What we are trying to do is get every member of the leadership team to crystalize and visualize exactly what your company needs to look like in three short years. We start by defining your revenue, profit, and measurables, in terms of what the company needs to look like on the way to achieving your ten-year target.

Then we’ll identify 5 to 15 additional bullets that paint a clear picture of what the organization needs to look like three short years from now.

Developing your Three-Year Picture does two powerful things:

1st, if every member of the leadership team can see the same three-year picture in their minds eye. The probability that the company will achieve its three-year goals goes up significantly and,

2nd, it sets up for creating a highly focused One-Year Plan.

Q6. What’s Your One-Year Plan?

We use the same predictions, revenue, profit, and measurables for your One-Year Plan, as we did on your Three-Year Picture. Then we set 3 to 7 clear, aligned goals, not 23, because when everything is important, nothing is important. One of the phrases we use frequently when implementing EOS is, “Less is More.”

Q7. What Are Your Quarterly Rocks?

“Rocks” are just 90-day business priorities that get every employee on the same page with what’s most important over the next 90 days, creating what we call a “90-Day World” for the organization.

We start by predicting revenue, profit, and measurables for the quarter. Then we identify 3 to 7 priorities for the company over the next 90 days and 3 to 7 priorities for each member of the leadership team truly crystalizing their priorities and the priorities of those reporting to them.

Introducing Rocks into a company creates a new level of discipline, focus, and accountability so that every employee is executing the company’s Vision every 90 days.

Q8. What Is Your Issues List?

Every organization has plenty of issues at every level in the company. The trick is to get all the issues that exist in your company onto an Issues List somewhere in the organization so that they can be solved once and for all.

Once you’ve answered all eight questions, you’re all on the same page. It’s a simplified, approach to strategic planning that culminates in a two-page plan that is much easier to implement.

A Final Comment

Regardless of whether your company has 20, 200, or 2,000 employees, ultimately your vision and plan must be communicated to your employees by delivering a Quarterly State of the Company Address. How else are your employees going to see the same vision? How else are they going to understand your plan, internalize it, and want to be a part of it?

Ultimately, you then get to the point where everyone in your company is rowing in one direction, trying to help you achieve the same Vision and Plan that you all share.

To the extent you do this well, the planets line up in the universe in ways you can’t even explain, and magic happens!


You probably can relate-so often I hear CEOs, Presidents, and Entrepreneurs say:

“As an organization, I’m not sure we’re focused on the right things.”

“We seem to be working on too many initiatives, which adversely impacts our productivity and causes needless stress on our executive team.”

“Everything seems like a fire drill here. Our employees are always behind the 8-ball stressing to get things done on time.”

“Our business seems to have grown overly complicated and our service delivery and quality can be inconsistent.”

These comments, and others similar, indicate that starting from the leadership team to the front-line staff there is a lack of clarity as to the real priorities of the organization.

Annually, companies create business plans with lists of initiatives that they hope will enhance business performance. Often the list can number ten, fifteen, or even over two dozen initiatives that the company leaders hope to complete that year.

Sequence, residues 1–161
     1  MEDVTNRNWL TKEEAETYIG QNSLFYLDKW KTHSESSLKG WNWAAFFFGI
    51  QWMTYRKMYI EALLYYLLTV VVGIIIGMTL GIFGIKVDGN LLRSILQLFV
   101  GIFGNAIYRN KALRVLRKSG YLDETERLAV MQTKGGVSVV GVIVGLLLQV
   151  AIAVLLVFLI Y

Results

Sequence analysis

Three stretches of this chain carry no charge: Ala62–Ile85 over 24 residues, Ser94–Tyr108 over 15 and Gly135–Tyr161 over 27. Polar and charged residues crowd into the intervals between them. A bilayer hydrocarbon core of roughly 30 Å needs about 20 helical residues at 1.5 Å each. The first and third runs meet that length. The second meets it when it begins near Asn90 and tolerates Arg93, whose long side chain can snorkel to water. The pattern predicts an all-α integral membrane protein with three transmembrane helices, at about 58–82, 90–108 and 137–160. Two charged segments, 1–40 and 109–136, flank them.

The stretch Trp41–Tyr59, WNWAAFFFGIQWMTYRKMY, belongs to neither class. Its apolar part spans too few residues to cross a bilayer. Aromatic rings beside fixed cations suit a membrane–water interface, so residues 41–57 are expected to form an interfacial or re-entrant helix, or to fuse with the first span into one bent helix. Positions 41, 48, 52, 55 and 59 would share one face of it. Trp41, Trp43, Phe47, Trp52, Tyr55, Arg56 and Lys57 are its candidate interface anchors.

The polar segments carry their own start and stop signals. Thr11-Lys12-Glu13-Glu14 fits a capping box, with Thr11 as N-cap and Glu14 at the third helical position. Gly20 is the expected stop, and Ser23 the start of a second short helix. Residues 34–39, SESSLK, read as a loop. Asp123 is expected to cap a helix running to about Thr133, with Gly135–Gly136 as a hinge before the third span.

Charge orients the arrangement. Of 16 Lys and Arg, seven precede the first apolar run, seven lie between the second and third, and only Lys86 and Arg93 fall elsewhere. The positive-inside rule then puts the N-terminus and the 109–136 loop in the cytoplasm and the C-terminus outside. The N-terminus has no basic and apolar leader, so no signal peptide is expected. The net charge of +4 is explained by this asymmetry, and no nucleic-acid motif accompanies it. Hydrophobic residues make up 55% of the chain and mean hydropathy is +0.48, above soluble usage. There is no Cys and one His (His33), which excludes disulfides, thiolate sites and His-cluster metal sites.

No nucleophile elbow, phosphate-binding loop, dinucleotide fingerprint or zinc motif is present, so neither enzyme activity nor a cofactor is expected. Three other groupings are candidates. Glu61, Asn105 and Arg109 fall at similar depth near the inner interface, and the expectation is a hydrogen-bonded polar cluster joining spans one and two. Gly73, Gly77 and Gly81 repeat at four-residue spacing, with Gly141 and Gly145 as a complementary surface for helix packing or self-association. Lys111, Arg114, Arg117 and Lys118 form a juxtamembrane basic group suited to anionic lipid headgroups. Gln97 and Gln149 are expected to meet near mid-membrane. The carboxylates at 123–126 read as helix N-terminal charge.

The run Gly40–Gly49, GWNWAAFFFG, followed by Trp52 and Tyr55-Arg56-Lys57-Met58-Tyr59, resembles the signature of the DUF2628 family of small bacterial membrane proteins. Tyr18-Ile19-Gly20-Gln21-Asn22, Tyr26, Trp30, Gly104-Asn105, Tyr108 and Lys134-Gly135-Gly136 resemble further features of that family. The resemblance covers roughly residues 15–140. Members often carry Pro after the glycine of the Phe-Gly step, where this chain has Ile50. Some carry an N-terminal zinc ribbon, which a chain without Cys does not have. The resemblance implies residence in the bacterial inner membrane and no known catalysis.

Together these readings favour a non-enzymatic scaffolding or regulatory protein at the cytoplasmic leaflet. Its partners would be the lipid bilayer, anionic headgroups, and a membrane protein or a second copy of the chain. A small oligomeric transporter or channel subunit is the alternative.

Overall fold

Seldom taken into consideration during the planning process is the organization’s capacity to execute all those initiatives. Equally not taken into consideration is the prioritization of all those initiatives. All initiatives aren’t created equal in their impact on the organization. More initiatives don’t necessarily translate into more progress and better results. Sometimes the opposite is true.

One of the key points I work hard to reinforce with leadership teams is the idea that “less is more.” Every company has limited financial resources and employees have a limited amount of time. Especially time outside their primary role to work on special projects. Why wouldn’t you focus those precious resources on the most pressing and/or promising initiatives?

The Introduction of Rocks

When helping clients master the EOS (Entrepreneurial Operating System) tools and disciplines, one of the first priorities we tackle in their first session day called a “Focus Day”, is to help them set “Rocks”. Rocks are simply 90-day business priorities designed to get everyone in the company 100% on the same page with what is most important over the next 90 days. This creates what we call a 90-Day World for the organization.

We start by predicting the revenue, profit, and measurables in terms of what the company needs to achieve in the next quarter to achieve its 1-Year Plan and 3-Year Picture.

We then identify three to seven priorities for the company over the next 90 days and three to seven priorities for each member of the leadership team.

We then migrate this tool and discipline down into the organization, so every employee has one to three Rocks that crystallize their real priorities.

Employee Rocks roll up to leadership team Rocks, thus ensuring that every employee in the organization is rowing in the same direction with absolute clarity about their real priorities.

Creating a 90-Day World in Your Company

Rocks create a new level of discipline, focus, and accountability in a company. Every 90 days, after running hard for a quarter, the leadership team comes up for air and looks back on the past quarter to see how they did. They re-check their vision to make sure they’re on the same page because sometimes they’re not.

Once the leadership team is on the same page, we then set priorities for the next quarter, and the team goes back into the business to execute with discipline and accountability for another 90 days with crystal clear priorities.

A Simple, Effective Solution